Esteban Cortazar wants to return Emanuel Ungaro to its heritage of ultrafeminine and colorful clothes.
"My designs have always been about unapologetic femininity that is pure and totally natural," explained the 23-year-old Colombian, who was hired in December to succeed Peter Dundas.
"I had that aesthetic growing up," he continued. "I'm Latin and very warm. I love to celebrate women who take care of themselves, are happy and look beautiful. It's the kind of woman who smells delicious."
Cortazar, who will show his freshman effort for the house Feb. 27, said he felt an instant connection with Ungaro's legacy for color, prints and fluid dresses.
"I want to bring lightness back to the brand," he said, explaining that his fall collection was inspired by "natural elements, fluidity and movement."
"The prints are directed to nature and growth," he said. "There is soft color, but also vibrant color. There are a lot of dresses. The main idea was movement, always movement. Ungaro should always be about unapologetic femininity."
Cortazar's arrival chez Ungaro is part of an effort to bring stability to the house, which was purchased by Asim Abdullah, a high-tech entrepreneur, in 2005. The last few seasons have seen a revolving door of designers, including Vincent Darre and Dundas.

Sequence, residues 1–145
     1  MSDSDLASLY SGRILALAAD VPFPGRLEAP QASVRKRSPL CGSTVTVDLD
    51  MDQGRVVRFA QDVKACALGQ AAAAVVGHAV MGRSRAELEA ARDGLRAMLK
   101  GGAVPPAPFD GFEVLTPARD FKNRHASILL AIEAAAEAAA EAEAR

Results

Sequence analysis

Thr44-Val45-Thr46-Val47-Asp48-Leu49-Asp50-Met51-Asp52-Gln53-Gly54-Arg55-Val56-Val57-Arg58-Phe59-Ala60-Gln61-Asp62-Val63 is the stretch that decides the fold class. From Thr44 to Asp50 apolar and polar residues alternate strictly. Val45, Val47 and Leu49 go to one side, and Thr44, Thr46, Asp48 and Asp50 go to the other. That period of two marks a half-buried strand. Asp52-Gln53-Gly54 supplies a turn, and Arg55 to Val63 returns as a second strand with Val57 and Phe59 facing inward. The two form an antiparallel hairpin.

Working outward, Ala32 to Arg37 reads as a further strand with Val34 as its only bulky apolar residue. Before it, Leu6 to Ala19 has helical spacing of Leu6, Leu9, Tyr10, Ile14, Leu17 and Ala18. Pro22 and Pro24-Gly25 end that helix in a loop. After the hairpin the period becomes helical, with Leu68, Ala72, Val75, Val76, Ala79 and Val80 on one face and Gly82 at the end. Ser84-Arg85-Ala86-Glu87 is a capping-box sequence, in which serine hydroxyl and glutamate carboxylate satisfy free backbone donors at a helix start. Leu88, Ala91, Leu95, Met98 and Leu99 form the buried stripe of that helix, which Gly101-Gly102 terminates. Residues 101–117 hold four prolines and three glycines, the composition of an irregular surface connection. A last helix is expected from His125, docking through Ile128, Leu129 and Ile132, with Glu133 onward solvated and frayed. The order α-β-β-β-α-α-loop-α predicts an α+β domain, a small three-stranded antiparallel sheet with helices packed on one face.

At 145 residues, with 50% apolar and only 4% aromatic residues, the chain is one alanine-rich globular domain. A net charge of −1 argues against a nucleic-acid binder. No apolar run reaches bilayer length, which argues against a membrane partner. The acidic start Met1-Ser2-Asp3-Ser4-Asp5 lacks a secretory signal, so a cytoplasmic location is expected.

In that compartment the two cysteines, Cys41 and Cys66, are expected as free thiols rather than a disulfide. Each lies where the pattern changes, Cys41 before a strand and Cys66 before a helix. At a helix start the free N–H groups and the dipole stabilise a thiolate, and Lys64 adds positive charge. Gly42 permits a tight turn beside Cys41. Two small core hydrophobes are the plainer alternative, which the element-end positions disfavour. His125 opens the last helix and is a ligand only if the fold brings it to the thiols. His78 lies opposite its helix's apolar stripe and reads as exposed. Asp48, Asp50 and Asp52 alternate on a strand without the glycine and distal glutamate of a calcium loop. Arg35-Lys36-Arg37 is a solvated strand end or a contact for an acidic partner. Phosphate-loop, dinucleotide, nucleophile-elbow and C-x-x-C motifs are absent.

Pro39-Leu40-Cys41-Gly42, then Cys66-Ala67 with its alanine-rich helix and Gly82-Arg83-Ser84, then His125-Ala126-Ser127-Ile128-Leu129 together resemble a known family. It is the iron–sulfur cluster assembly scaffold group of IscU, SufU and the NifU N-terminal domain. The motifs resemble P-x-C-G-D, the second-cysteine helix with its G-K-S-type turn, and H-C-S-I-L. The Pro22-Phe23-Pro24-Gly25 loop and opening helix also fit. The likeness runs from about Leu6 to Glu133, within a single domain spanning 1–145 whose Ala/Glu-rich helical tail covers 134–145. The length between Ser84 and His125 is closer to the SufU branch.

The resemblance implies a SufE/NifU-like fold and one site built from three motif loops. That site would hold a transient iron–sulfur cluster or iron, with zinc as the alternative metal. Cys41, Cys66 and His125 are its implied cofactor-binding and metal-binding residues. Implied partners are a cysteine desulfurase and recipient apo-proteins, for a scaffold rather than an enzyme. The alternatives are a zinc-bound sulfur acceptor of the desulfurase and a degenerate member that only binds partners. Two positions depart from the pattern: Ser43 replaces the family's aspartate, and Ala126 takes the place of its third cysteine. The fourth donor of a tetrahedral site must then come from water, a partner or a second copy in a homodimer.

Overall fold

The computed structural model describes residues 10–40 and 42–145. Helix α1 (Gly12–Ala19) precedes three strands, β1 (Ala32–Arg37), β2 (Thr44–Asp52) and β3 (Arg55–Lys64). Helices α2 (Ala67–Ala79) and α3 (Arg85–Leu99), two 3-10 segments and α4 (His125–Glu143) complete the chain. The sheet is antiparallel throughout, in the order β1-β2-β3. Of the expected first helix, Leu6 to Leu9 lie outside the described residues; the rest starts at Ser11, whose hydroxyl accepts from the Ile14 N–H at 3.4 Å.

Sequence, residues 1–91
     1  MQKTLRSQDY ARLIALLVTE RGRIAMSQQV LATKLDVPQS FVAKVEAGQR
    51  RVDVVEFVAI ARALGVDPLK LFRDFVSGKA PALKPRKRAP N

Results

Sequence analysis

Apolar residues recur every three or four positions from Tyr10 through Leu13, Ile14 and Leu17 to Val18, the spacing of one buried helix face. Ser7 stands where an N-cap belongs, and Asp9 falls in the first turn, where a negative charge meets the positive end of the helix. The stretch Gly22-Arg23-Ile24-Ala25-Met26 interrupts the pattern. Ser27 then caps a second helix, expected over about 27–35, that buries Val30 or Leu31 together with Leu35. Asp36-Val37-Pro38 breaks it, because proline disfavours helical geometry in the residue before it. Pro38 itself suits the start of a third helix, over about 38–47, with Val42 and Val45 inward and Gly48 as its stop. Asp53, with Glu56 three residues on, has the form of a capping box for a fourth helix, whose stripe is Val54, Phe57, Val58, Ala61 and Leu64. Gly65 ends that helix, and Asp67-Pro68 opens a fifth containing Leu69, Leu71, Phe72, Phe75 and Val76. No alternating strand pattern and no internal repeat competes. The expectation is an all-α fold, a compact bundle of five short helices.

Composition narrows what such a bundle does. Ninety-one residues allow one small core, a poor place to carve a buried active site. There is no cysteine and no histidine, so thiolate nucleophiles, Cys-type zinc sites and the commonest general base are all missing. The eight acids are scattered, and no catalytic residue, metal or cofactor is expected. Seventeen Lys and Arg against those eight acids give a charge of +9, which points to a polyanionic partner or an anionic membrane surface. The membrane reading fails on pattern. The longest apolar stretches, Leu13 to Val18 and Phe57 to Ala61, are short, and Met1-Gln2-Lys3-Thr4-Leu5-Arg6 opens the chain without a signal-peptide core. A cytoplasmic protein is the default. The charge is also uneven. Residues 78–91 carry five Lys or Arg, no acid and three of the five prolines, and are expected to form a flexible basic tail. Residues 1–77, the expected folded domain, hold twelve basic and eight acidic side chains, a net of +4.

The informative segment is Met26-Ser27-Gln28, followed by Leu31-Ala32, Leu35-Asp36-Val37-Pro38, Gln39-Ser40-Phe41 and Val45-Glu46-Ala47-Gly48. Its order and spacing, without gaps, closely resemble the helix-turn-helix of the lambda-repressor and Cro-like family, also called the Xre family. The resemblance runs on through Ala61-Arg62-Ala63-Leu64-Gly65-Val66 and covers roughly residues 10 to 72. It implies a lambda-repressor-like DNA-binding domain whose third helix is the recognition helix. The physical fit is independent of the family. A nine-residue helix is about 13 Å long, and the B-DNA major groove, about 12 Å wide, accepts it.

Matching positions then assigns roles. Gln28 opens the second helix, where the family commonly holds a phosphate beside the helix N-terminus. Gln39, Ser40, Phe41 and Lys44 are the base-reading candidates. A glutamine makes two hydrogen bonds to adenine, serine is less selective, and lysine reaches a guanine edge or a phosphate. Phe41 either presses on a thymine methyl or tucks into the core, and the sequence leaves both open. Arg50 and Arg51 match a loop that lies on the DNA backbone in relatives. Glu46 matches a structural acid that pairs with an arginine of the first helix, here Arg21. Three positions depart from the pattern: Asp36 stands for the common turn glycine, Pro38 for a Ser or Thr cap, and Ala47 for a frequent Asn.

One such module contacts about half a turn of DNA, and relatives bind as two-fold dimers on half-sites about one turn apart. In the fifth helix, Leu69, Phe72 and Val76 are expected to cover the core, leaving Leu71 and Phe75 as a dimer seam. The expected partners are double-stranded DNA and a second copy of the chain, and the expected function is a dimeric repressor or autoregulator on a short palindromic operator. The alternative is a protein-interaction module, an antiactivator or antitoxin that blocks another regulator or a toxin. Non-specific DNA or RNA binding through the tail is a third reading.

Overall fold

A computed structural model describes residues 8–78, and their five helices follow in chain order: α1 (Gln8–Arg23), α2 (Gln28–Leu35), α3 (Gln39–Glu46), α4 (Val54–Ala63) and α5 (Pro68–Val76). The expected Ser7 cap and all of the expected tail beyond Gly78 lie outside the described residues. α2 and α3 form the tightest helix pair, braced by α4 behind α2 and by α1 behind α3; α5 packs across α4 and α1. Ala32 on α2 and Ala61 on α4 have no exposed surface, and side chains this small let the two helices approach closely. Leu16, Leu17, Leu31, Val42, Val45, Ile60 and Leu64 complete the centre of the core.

In fact, the house has been groping for an identity since the departure of Giambattista Valli, who took over after the retirement of Ungaro in 2004.
"We're not on the radar of young chicks," said Ungaro chief executive Mounir Moufarrige. "We need to have a strong identity and be younger. Esteban is very aware of color and prints.
He's perfect for Ungaro. He understands what women want."
Cortazar first gained attention when he launched a signature line in New York at the age of 18 after being taken under the wing of the late Kalman Ruttenstein of Bloomingdale's.
"Kal took me to my first fashion shows when I was 14," said Cortazar, who stopped his own collection to concentrate on Ungaro.
Now, the youthful designer said he's ready to turn up the energy.
"I think that all anyone really wants in life is to have people understand us for who we actually are, despite everything," says Ruth Negga. The actress talks "Preachers" season 2 and more on WWD.com. #wwdeye (📷: Dan Doperalski)
"That's something that resonates with me too because I'm so locked into a number. If I go over that number it completely ruins my day so it's nice to get detached from the number on the scale." - Chelsea Handler on Kelly LeVeque's book "Body Love." #wwdeye (📷: John Salangsang)